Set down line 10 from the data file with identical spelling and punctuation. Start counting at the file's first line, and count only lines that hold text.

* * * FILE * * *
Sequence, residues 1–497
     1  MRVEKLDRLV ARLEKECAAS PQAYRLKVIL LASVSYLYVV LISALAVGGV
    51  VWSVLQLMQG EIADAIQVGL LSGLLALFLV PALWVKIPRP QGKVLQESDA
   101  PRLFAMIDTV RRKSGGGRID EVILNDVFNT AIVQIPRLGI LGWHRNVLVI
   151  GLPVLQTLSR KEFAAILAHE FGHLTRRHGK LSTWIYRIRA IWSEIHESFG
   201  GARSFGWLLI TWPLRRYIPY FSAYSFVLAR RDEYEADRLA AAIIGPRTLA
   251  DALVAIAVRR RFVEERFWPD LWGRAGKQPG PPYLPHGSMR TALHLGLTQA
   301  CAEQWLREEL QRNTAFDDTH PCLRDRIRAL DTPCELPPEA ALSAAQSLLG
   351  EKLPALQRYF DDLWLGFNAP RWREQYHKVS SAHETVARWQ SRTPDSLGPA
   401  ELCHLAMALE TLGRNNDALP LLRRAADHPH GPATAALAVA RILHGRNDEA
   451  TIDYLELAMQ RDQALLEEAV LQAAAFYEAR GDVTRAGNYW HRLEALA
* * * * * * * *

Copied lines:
   401  ELCHLAMALE TLGRNNDALP LLRRAADHPH GPATAALAVA RILHGRNDEA